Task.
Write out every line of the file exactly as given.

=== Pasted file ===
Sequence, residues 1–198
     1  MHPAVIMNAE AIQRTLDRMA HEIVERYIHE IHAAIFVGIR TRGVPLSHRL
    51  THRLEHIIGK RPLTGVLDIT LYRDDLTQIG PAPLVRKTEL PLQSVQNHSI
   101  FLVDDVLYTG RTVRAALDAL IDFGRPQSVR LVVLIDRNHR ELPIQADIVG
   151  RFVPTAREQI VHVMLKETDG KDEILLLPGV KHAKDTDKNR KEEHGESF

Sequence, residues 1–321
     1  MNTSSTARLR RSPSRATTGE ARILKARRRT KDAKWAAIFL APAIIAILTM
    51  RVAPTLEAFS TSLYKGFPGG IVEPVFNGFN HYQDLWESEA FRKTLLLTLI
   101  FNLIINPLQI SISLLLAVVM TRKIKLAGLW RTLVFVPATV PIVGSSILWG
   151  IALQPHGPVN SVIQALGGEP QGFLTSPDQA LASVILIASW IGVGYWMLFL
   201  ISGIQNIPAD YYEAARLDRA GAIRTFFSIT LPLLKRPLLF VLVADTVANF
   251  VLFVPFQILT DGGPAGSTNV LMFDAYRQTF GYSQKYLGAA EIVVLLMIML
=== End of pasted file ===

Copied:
Sequence, residues 1–198
     1  MHPAVIMNAE AIQRTLDRMA HEIVERYIHE IHAAIFVGIR TRGVPLSHRL
    51  THRLEHIIGK RPLTGVLDIT LYRDDLTQIG PAPLVRKTEL PLQSVQNHSI
   101  FLVDDVLYTG RTVRAALDAL IDFGRPQSVR LVVLIDRNHR ELPIQADIVG
   151  RFVPTAREQI VHVMLKETDG KDEILLLPGV KHAKDTDKNR KEEHGESF

Sequence, residues 1–321
     1  MNTSSTARLR RSPSRATTGE ARILKARRRT KDAKWAAIFL APAIIAILTM
    51  RVAPTLEAFS TSLYKGFPGG IVEPVFNGFN HYQDLWESEA FRKTLLLTLI
   101  FNLIINPLQI SISLLLAVVM TRKIKLAGLW RTLVFVPATV PIVGSSILWG
   151  IALQPHGPVN SVIQALGGEP QGFLTSPDQA LASVILIASW IGVGYWMLFL
   201  ISGIQNIPAD YYEAARLDRA GAIRTFFSIT LPLLKRPLLF VLVADTVANF
   251  VLFVPFQILT DGGPAGSTNV LMFDAYRQTF GYSQKYLGAA EIVVLLMIML